Approximately 10,000 gallons of oil covered the Los Angeles streets in West Glendale following a pipe burst. According to the city’s fire department, the crude oil coated a half-mile area. Fire department spokesman, James Moore, stated that in some areas the oil was knee deep. A selection of businesses, including a nightclub, were affected. The leak was reported after midnight, and authorities promptly shut off the pipeline and contained the spill.
A hazmat team was later sent to examine the spill site. Initial estimates from the fire department report 1 million gallons lost, the estimate was then adjusted to 10,000 gallons. Firefighters sought the help of a neighboring cement company to curb the spill. By using large deposits of sand, the cement company created dams to trap the oil. Once most of the oil was trapped, tanker trucks sucked the oil puddles up. By morning, an environmental cleaning company had dredged up most of the oil via vacuum. The environmental cleaning association placed absorbent material to soak up the remaining crude substance and then utilized high-pressure water hoses to cleanse the streets with a disinfecting solution. Another representative from the fire department -Erik Scott- said there was “no visible evidence” that any of the oil had found its way into storm drains, which discharge into the Los Angeles River, but there is a possibility that some crude oil permeated into manhole covers.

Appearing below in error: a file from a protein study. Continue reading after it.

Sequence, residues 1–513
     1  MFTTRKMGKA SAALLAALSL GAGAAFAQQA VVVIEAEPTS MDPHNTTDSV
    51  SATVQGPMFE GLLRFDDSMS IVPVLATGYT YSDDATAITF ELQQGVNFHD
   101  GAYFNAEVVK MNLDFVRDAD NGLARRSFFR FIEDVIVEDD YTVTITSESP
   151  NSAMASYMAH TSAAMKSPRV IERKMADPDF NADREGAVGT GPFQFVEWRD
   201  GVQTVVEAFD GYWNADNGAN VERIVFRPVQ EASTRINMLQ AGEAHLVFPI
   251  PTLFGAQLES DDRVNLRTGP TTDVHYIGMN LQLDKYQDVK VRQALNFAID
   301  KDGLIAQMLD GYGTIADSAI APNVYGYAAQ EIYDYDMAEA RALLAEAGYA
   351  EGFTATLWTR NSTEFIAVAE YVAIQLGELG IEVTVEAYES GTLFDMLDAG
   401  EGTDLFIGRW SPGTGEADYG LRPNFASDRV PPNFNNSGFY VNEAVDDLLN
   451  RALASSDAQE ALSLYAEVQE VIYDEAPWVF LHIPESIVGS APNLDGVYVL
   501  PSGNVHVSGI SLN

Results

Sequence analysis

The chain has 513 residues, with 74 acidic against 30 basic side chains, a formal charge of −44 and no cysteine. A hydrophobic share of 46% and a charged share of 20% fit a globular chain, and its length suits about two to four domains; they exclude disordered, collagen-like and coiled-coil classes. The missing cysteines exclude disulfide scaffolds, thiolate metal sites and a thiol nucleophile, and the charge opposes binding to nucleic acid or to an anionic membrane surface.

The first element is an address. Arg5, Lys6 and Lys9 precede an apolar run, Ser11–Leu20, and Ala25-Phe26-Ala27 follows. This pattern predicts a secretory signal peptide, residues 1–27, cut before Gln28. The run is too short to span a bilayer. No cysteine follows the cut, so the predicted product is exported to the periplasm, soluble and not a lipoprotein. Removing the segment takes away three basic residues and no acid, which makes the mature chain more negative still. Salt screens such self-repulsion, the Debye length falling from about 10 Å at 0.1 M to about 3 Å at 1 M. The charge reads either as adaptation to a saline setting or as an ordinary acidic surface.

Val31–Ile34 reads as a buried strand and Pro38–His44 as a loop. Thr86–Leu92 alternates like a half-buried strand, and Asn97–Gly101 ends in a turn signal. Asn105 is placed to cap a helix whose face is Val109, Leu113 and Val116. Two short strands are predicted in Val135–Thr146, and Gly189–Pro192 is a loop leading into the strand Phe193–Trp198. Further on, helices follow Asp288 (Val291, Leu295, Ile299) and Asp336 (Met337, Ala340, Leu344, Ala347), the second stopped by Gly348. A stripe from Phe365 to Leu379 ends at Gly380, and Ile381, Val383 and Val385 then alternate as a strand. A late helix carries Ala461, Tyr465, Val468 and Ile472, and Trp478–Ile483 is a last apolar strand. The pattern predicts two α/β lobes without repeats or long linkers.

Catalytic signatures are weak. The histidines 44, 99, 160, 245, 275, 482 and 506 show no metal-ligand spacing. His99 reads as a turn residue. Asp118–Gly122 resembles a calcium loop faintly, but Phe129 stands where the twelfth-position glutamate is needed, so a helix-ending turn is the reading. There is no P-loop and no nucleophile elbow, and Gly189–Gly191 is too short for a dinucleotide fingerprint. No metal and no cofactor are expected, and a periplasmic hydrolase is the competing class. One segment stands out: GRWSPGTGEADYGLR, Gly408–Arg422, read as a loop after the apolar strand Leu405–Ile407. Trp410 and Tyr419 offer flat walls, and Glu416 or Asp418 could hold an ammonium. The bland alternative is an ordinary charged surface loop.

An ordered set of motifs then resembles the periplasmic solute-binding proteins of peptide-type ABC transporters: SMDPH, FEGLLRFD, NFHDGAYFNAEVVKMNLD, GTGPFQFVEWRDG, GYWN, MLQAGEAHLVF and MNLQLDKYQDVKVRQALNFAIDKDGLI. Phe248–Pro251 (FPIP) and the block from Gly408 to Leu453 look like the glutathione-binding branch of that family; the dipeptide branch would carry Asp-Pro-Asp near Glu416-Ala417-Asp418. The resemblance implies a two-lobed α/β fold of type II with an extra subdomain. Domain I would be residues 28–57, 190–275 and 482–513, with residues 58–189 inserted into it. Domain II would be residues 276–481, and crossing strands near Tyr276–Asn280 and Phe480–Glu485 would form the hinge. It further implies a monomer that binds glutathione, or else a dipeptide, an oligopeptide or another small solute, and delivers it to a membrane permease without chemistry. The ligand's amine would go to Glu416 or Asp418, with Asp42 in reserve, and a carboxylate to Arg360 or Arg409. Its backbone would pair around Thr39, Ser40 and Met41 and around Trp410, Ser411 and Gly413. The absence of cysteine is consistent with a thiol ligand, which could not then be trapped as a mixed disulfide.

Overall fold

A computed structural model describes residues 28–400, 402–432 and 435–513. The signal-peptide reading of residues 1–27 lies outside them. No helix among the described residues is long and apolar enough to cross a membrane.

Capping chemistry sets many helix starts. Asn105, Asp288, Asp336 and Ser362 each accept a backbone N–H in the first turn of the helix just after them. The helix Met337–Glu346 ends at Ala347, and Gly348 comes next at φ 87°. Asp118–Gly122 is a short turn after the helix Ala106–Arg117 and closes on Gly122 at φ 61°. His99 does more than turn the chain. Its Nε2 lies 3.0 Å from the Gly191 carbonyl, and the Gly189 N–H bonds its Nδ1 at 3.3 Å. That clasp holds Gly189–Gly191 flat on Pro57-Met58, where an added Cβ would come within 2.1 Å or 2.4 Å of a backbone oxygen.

The pipe burst, which covered Los Angeles’s West Glendale streets in 10,000 gallons of oil, caused a strip club to be evacuated and two citizens to be hospitalized. According to eyewitness accounts, the blowout shot a geyser of oil 15 to 20 feet into the sky and rained down onto the adjacent business, The Gentleman’s Club, clouding the windows with a black coating of oil; subsequently leading to the evacuation of the establishment. Aerial video revealed pools of crude oil stretching over several blocks and coating the roof of the adult entertainment club. Battalion Chief David Spence stated that the oil originated from the Bakersfield area, and that the West Glendale pipe is part of a transfer system designed to pump oil into a storage facility in Long Beach. Following the shut-down of the pipe, it still continued to gush oil for 45 minutes. The spill occurred in an industrial area, four workers at the Baxter Industrial Plant were assessed for respiratory illness and two were taken to the hospital.
Despite the spillage of the 10,000 gallons of oil onto the Los Angeles streets, authorities stated that no oil found its way into any buildings. Several streets surrounding the area have been closed as police and clean up crews continue to clean the effected region. Neither the fire department, police authorities, nor news affiliates have revealed which company the pipeline belongs to. However, a U.S. Department of Energy map showed that the pipeline running through West Glendale’s Atwater Village is the Plains West Coast Pipeline, belonging to Plains Pipelin L.P., a subdivision of Plains All America. The company has not yet issued any statement regarding the spill.
By Andres Loubriel